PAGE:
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As someone who has had to take an insane number of exams in the past six months, you would think I would be unable to function at this point. Exams, tests, essays have taken over my life. I am drained to the point where my functioning is comparable to that of a mindless robot. Strangely enough, four months from now, I know when I look back at this time period I will have a weird sense of fondness.
The only way to make sense of this belief is by taking the example of exercise. It’s a scientific fact that 90 per cent of people dislike going to the gym and would much rather lie on a couch with a jumbo pack of Doritos (cheese flavoured of course). Let’s face it, we’re pigs. Then when the time of day comes to burn off those cheesy calories, we physically drag ourselves to the gym and manage to soldier through a gruelling workout. By the time we’re done… we feel good but how is that possible? We went from hating every second on the treadmill to feeling satisfied… hard work is overall a weird phenomenon.
Now exams and I have a love-hate relationship. Just like the after effects of going to the gym, I relish the satisfaction of doing well in an exam. Don’t get me wrong, the majority of my days are spent wishing time would fast forward to when I’m retired and work-free. Till then, all I can do is play the game.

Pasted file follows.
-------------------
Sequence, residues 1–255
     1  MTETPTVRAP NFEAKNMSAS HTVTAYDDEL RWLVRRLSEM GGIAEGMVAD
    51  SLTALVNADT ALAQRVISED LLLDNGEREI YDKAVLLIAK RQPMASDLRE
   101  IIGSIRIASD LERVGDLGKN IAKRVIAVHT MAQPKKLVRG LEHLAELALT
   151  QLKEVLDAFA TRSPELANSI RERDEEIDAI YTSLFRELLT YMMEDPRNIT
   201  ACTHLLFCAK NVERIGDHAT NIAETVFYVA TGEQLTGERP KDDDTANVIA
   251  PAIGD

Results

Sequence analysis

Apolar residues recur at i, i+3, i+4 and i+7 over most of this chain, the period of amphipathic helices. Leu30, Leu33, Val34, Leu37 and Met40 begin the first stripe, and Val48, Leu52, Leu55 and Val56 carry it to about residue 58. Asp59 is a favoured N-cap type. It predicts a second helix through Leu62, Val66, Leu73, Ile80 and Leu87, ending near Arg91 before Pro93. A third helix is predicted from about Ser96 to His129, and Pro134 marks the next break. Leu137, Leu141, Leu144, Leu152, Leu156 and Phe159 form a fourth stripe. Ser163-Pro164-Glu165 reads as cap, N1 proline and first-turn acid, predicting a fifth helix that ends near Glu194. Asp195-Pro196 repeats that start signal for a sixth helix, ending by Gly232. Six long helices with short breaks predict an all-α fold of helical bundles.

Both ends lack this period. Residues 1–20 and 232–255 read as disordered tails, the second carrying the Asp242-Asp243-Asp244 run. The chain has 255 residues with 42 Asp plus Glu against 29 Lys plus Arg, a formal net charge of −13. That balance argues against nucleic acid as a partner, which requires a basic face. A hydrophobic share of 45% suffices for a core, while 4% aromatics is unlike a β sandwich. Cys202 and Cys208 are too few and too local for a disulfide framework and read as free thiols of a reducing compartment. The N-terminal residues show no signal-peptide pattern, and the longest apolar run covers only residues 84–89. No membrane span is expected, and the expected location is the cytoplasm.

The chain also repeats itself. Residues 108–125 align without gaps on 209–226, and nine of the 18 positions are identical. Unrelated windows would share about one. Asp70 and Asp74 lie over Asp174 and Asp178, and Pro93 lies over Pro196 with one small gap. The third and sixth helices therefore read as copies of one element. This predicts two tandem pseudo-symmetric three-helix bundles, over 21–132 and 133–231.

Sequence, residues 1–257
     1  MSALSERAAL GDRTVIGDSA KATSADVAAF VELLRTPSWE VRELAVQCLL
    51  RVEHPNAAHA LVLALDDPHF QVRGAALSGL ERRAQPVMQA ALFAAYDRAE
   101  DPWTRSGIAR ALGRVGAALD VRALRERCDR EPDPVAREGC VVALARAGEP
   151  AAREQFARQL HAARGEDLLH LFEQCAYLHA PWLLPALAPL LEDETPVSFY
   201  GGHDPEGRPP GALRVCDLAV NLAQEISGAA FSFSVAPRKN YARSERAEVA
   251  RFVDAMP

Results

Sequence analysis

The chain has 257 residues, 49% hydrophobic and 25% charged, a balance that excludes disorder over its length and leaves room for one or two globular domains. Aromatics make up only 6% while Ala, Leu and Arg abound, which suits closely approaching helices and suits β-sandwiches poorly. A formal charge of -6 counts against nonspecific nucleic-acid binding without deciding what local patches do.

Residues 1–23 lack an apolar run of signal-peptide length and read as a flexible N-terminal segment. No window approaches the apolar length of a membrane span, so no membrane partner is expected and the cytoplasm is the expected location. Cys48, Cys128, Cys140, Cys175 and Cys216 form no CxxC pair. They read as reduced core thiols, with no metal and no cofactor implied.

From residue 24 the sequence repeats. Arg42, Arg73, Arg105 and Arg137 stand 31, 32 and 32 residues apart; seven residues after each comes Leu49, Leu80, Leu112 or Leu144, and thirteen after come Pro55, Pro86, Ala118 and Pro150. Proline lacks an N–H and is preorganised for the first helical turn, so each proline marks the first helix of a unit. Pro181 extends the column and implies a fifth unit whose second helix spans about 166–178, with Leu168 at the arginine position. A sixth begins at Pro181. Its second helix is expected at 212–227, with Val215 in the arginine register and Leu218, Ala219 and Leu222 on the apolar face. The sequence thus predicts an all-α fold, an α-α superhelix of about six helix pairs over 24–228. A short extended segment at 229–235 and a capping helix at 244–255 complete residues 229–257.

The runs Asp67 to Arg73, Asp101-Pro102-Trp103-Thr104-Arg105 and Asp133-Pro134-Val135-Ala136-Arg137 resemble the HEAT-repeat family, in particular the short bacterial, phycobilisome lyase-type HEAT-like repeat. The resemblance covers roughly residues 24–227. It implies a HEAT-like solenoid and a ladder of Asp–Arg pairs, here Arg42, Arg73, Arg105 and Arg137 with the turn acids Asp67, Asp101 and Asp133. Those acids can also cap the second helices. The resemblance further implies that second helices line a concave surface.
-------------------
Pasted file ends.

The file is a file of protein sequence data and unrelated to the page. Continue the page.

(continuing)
A wandering thought – what would this column look like if I got one of my teachers to write it? Would they agree that exams are the devil’s child? Or would they begin to sing praise of the many benefits of taking exams?
From a purely ‘purpose’ perspective, exams are extremely reductionist. A person’s entire knowledge and intelligence is being based upon their answers to a couple of multiple choice questions. It isn’t the fairest practice. Then again, my tone might change if I end up getting a high mark on the exam I just took last week. Oops.